If you are willing to spend a bit more, the options are substantially better. Our pick in the segment is the Oppo Enco Air2 Pro ( 3,499), with active noise cancellation (ANC) and transparency modes, IP54 dust- and water-resistance, in-ear detection for pause/play and equaliser presets via the rather well-designed HeyMelody app. The sound quality seals the deal, with 12.4mm dynamic drivers and balanced tuning that allows the vocals and highs to be heard without being overwhelmed by the tight bass. Then you have the OnePlus Buds Z2 ( 4,499), which offer good ANC (for the price) and pass-through audio, a punchy sound profile, good battery life with fast charging…and the best call quality in their class. Much like other first-party earbuds, you may want to use these with a recent OnePlus device to get the most out of the Buds Z2 (gaming mode and Dolby Atmos support). The Realme Buds Air 3 checked many of these boxes too, including ANC with transparency mode, fast charging, and the extensive EQ and feature customisation with the Realme Link app.

To give you a phone analogy, the Oppo Enco X2 earbuds are a “flagship killer”.
To give you a phone analogy, the Oppo Enco X2 earbuds are a “flagship killer”. (Oppo)

Under 10,000

Now you are talking! The sub- 10,000 segment is abuzz and most buyers will be happy not just with their choice but their savings. Bass heads will love the JBL Tune 230 NC ( 5,999), with a clean bass response that doesn’t overwhelm the details in the vocals and the highs, and the fine-grained equaliser settings to tailor the music on what is arguably the best companion app. A lesser-known brand, Lypertek, has the Pureplay Z3 ( 6,999, previously known as the Tevi), which offer a sound signature many audiophiles would favour; it’s a shoo-in if you want balanced tuning. Where it lacks in active noise cancellation, it makes up for in support for the Qualcomm AptX format for high-resolution wireless audio. The Nothing Ear (1) ( 7,299) may have made the news for their see-through charging case and transparent earbud design but a year into their launch they are still a good pick for balanced sound and good ANC, alongside a decent feature set. The OnePlus Buds Pro ( 7,990) are easy to recommend, with a comfortable in-ear fit, good ANC capabilities and a sound that can best be described as unabashedly fun and energetic. Deal hunters can even scour for some great deals from a bunch of last-gen products, such as the Sony WF-1000XM3 ( 7,990) or the Samsung Galaxy Buds Pro( 6,290). The Android/Google faithful could consider the Pixel Buds A-Series ( 5,990) for their Assistant integration but the absence of ANC at this price point is criminal. It’s yet again Oppo, with the Enco X2 ( 9,999), that walks away with the honours in this segment. Oppo took everything that worked with the original Enco X—good, if a little AirPod Pro- inspired, design, wireless charging, decent ANC and crisp, immersive sound—and amped it all up just a bit more in every manner. To give you a phone analogy, the Enco X2 are a “flagship killer”: Thanks in large part to their dual driver setup and advanced Bluetooth codec support (LHDC and LDAC), the Enco X2 can trade blows with the Sony WF-1000XM4 and the Sennheiser Momentum True Wireless 3, both of which are far pricier.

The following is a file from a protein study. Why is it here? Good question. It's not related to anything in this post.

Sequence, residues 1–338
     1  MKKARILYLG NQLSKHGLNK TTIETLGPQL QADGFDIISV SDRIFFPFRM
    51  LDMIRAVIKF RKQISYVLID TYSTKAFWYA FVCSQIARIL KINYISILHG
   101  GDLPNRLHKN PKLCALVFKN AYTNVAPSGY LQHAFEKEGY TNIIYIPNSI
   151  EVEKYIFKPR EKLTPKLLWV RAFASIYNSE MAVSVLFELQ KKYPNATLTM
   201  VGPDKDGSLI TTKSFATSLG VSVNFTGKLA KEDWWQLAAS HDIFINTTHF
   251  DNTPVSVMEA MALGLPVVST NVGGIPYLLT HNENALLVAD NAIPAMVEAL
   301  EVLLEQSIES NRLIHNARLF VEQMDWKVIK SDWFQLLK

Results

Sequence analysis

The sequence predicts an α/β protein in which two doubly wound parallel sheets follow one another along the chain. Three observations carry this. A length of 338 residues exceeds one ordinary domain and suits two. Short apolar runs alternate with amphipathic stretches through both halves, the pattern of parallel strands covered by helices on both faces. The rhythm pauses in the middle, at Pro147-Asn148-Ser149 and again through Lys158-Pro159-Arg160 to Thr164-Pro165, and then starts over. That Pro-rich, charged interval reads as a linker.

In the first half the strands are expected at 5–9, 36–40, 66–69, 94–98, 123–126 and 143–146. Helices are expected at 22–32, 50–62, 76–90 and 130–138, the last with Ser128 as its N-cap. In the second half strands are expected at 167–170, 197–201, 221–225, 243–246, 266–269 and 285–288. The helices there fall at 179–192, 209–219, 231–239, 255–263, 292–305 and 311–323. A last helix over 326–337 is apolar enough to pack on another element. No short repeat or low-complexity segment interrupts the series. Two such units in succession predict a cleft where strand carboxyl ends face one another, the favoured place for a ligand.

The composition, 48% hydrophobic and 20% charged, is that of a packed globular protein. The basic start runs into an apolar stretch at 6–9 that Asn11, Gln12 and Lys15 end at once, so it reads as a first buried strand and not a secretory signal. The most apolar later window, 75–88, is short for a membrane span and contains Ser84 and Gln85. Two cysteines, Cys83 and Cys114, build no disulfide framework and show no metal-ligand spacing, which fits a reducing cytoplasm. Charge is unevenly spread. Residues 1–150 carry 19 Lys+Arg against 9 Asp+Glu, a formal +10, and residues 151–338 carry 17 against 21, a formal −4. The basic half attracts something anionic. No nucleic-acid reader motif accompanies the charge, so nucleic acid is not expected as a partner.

It’s the Sony WF-1000XM4 ( <span class='webrupee'>₹</span>16,990) that are likely the easiest to recommend to the largest cross-section of buyers.
It’s the Sony WF-1000XM4 ( 16,990) that are likely the easiest to recommend to the largest cross-section of buyers. (Sony)

Above 10,000